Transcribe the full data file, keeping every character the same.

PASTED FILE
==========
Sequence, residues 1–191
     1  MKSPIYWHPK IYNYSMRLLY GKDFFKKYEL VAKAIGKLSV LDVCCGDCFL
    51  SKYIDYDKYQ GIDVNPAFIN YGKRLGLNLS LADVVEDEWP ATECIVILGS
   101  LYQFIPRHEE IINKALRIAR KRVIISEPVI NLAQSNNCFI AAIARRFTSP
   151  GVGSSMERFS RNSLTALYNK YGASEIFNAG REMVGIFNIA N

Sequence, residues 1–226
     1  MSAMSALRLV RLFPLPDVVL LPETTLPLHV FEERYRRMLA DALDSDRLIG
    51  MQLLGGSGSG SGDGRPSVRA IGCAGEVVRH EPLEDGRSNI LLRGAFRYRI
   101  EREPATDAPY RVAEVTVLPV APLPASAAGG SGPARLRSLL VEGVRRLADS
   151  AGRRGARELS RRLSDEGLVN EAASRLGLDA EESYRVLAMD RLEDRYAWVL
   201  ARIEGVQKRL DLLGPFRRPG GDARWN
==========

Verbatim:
Sequence, residues 1–191
     1  MKSPIYWHPK IYNYSMRLLY GKDFFKKYEL VAKAIGKLSV LDVCCGDCFL
    51  SKYIDYDKYQ GIDVNPAFIN YGKRLGLNLS LADVVEDEWP ATECIVILGS
   101  LYQFIPRHEE IINKALRIAR KRVIISEPVI NLAQSNNCFI AAIARRFTSP
   151  GVGSSMERFS RNSLTALYNK YGASEIFNAG REMVGIFNIA N

Sequence, residues 1–226
     1  MSAMSALRLV RLFPLPDVVL LPETTLPLHV FEERYRRMLA DALDSDRLIG
    51  MQLLGGSGSG SGDGRPSVRA IGCAGEVVRH EPLEDGRSNI LLRGAFRYRI
   101  EREPATDAPY RVAEVTVLPV APLPASAAGG SGPARLRSLL VEGVRRLADS
   151  AGRRGARELS RRLSDEGLVN EAASRLGLDA EESYRVLAMD RLEDRYAWVL
   201  ARIEGVQKRL DLLGPFRRPG GDARWN